I wanted to use Twitter to help get people to acknowledge me as a professional in what I do: social media marketing.
I started building my authority on Twitter by searching for people in need of help, engaging these people regularly, and replying to all sorts of tweets.
The Battle Results
I sent out 100 cold emails and I received 5 responses (3 of them were “no thank you” and 2 of them were “sure, let’s get together for a meeting.”) Those 2 were my first clients.
Twitter didn’t bring me clients immediately, but I invested in it to build my personal brand. I focused on building my authority: improving my presence, engaging with new people, and refining my strategies and the specific steps I had in place. I saw Twitter as a long-term investment.
The clients I acquired with cold emailing were ok… for the time.
But I soon noticed a pattern.
I knew that I had to raise my rates if Super Spicy Media was to persevere and grow even bigger with time, but that just couldn’t be done with my cold-emailing clients.
Sure, I brought my clients amazing results (like a 120% increase in Facebook Page Likes, a 200% increase in Facebook Page Engagement, and a 60% increase in sales), but the clients just weren’t feeling it.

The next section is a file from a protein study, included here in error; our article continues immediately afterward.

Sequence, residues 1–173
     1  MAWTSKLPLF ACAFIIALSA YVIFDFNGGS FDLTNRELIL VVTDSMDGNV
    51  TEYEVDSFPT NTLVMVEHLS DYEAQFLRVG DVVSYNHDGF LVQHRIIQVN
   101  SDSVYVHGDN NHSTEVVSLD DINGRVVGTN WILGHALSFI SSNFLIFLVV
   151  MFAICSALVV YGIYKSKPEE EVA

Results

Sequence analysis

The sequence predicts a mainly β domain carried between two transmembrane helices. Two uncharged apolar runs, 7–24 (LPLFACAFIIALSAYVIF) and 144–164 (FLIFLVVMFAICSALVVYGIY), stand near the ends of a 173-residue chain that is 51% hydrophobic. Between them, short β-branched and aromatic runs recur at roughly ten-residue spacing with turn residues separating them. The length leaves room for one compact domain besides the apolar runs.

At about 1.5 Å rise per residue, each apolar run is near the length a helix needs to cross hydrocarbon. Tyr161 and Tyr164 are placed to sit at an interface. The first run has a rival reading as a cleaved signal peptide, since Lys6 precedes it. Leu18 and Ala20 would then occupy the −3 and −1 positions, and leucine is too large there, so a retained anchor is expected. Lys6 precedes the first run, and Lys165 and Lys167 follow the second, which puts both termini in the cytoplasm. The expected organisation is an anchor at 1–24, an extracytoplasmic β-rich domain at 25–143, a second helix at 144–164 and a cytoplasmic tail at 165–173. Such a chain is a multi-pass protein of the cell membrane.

Frequently, after a successful engagement, I’d hear: “Mojca, you contacted us, we don’t need your help and we can take it from here”.
This was the direct opposite of my experience using social media to build my business.
The first time I was contacted by a prospect on Twitter in need of social media help, things escalated quickly.
When the prospect contacted me, I knew they needed my help because they were actively searching for it. This put me in a sweet spot — they knew what I could do and they wanted to hire me — and I managed to charge them three times the amount I was charging my previous clients for the same service.
Why? Because the prospect had assigned a higher value for my services because they viewed me as an authority and expert in the industry.